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Free Barron's Booknotes-Don Quixote by Migel de Cervantes-Free Book Notes
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THE STORY - SUMMARY AND NOTES

PART II

CHAPTERS 63-66

During a visit to a ship docked in the harbor, Don Quixote and Sancho meet a young woman named Anna Felix, who has just escaped from Algeria. Anna Felix turns out to be the daughter of Sancho's Morisco neighbor, Ricote. Anna tells a complicated story about her lover, Don Gaspar, who is still a captive in Algiers. Everyone agrees that if Ricote cannot buy the young man's freedom, Don Quixote will have to rescue him.

Before this can happen, however, Don Quixote meets his last defeat. While he is enjoying a quiet walk on the beach, the Don sees a mounted knight in full armor riding out of the mist. It is the Knight of the Full Moon. The Don challenges him to acknowledge Dulcinea's beauty. In reply, the knight offers to fight one-on-one. If the Don wins, the knight will praise Dulcinea. If the Don loses, he must give up knight-errantry for a full year. Don Quixote accepts the challenge. He charges forward on Rozinante and is promptly knocked to the ground. Defeated, he must now give up his quest.

Does this knight's request sound familiar? This is the same trick that Sampson Carrasco tried to play as the Knight of the Mirrors. You soon learn that the "Knight of the Full Moon" is indeed the persistent Sampson. But this time his plan has worked.

You may find yourself wondering at this point why Sampson has been so persistent. We learned one reason at the beginning of Part II when the author describes Sampson as an arrogant young man out to prove himself cleverer than any small-town hidalgo. It is tempting to suppose that in creating the character of Sampson, Cervantes had in mind the imposter who was arrogant enough to publish a counterfeit sequel to Part I of his novel. At the same time, you may have encountered some real-life counterparts of Sampson. Sampson brings to life the phrase "Too smart for his own good." He plays along with behavior he considers crazy hoping that in the end his superiority will be obvious to all. Instead, he often seems sillier than poor, mad Don Quixote.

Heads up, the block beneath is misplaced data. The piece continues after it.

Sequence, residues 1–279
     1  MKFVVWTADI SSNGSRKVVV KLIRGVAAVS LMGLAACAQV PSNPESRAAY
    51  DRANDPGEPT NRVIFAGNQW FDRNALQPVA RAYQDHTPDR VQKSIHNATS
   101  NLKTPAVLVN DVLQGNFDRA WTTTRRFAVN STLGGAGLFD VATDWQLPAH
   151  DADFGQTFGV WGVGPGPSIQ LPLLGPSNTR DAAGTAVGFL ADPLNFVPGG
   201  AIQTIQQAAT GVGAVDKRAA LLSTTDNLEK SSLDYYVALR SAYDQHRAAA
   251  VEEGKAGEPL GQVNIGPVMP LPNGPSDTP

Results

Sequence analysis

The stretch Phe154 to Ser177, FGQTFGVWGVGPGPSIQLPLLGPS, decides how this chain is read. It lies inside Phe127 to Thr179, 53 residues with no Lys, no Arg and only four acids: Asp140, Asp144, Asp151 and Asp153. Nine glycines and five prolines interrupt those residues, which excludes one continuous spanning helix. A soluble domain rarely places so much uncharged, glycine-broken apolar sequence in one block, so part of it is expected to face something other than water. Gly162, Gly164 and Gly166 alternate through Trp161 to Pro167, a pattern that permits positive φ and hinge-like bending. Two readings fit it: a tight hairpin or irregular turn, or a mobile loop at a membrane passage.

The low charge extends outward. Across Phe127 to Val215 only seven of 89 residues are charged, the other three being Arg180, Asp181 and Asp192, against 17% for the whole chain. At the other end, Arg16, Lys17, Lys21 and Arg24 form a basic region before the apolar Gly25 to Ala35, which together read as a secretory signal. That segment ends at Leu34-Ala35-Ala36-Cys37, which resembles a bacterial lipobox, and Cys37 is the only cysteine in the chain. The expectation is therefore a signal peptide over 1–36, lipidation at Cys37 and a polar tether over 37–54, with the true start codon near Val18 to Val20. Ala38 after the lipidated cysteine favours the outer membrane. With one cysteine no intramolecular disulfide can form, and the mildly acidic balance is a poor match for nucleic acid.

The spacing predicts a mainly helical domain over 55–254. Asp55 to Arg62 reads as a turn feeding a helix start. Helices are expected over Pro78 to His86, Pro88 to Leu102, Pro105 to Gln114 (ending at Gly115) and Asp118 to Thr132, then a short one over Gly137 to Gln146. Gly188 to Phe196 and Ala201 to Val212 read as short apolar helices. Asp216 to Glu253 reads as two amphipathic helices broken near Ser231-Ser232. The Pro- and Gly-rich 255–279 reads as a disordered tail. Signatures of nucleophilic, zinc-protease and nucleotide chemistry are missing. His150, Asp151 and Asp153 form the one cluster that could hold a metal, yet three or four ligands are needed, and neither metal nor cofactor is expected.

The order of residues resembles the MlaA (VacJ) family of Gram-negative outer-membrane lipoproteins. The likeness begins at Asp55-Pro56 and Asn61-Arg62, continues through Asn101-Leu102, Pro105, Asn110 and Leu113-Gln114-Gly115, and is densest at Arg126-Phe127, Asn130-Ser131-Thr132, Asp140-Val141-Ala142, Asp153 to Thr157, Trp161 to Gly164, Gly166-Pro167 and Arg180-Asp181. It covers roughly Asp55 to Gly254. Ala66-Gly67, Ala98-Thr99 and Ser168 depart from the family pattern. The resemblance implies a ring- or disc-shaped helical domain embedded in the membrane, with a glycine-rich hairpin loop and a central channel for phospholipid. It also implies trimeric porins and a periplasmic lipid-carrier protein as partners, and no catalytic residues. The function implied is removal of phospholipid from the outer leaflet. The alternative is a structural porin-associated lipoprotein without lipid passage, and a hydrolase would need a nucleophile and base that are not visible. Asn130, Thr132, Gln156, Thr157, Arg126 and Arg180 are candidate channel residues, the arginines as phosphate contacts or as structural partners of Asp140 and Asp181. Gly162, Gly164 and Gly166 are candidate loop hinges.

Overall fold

CHAPTERS 67-74

On his way home to keep his promise to the knight, Don Quixote encounters Tosilos, the young man he had almost fought at the Duke's castle. Tosilos tells the Don and Sancho that the Duke did not keep his promise to let him marry Dona Rodriguez' daughter after all. So another of Don Quixote's "successful" adventures has turned out to be a failure.

Arriving at the Duke's castle, Quixote and Sancho find a funeral in progress. Altisidora is lying stretched out on the funeral bier. Two black-robed figures appear, supposedly the judges of Hell personified. They announce that Altisidora has died of unrequited love for Don Quixote. Only Sancho can bring her back to life by allowing himself to be pinched, pricked, and slapped by the Duchess' ladies-in-waiting. The ladies fall upon the protesting Sancho. Just then Altisidora sits up, not dead at all.

Don Quixote never quite realizes that Altisidora's resurrection was an act, invented by the Duke and Sampson. Convinced of Sancho's powers of disenchantment, he offers to pay his squire if he will only give himself the lashes necessary to free Dulcinea from her magic spell. That night, Sancho finally agrees. But he only pretends to whip himself, yelling in pain while beating his lash on the tree trunks nearby.

Don Quixote believes that Sancho has kept his promise. Yet he still has not found Dulcinea. He looks for her everywhere, his depression turning to despair. Don Quixote overhears two young boys talking. One of them says to the other, "Thou shalt never see her while thou hast breath in thy body." The Don begins to think that this message is meant for him. He will see Dulcinea only after he dies.

Don Quixote arrives back at his own house. His niece and his friends are overjoyed to see him safe. But the Don knows that he will soon die. He tells his surprised friends that he is now cured of his madness. Don Quixote of La Mancha no longer exists. He is plain Alonso Quixano once again.

Sancho begs his master not to die. In tears, he reminds him that there are still brave deeds to be done, many wrongs that need to be set right. But Alonso Quixano, now sane, cannot see what this has to do with him. His last act is to write into his will the provision that his niece must promise to marry a man who has no interest in reading books about chivalry. After this, he dies.

NOTE:

Some years ago, Don Quixote was made into a musical play, Man of La Mancha. In this version of the Quixote story, you are led to believe that Sancho will continue the Don's mission after his master's death. Do you think this is what Cervantes had in mind when he wrote this final scene? Has Sancho been infected permanently with the Don's "madness"- with his idealism? Or, does Don Quixote's advice to his niece represent Cervantes' feelings? Is the author saying that the "quixotic" idealism of Don Quixote belongs only in books, and in rather silly, dangerous books at that? These are only two of a broad spectrum of conclusions that thoughtful readers have drawn from the ending of this novel. Deciding upon the meaning of all that has taken place is now your quest.

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